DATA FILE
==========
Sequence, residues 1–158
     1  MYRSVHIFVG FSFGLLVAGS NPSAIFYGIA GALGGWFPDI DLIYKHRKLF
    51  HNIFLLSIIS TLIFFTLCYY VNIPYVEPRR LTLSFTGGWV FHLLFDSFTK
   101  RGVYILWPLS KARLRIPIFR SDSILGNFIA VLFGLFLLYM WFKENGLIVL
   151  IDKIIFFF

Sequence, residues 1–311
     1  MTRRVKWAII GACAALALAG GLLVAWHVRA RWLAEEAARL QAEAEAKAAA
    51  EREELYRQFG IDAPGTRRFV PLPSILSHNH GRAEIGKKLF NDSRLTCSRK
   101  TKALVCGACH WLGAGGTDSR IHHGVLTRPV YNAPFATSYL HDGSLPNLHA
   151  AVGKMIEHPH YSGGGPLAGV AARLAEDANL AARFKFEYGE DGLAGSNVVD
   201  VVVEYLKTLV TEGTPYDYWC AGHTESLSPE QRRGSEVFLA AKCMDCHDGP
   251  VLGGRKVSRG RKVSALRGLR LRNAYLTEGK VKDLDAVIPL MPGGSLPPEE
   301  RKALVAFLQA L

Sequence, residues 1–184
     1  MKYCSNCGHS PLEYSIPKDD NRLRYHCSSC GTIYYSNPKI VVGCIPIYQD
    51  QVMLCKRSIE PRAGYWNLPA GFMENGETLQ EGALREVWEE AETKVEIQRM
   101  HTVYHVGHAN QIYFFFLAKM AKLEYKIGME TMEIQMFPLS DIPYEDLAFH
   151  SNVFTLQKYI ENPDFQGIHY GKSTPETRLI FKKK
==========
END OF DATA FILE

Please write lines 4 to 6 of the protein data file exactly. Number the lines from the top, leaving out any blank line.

   101  RGVYILWPLS KARLRIPIFR SDSILGNFIA VLFGLFLLYM WFKENGLIVL
   151  IDKIIFFF

Sequence, residues 1–311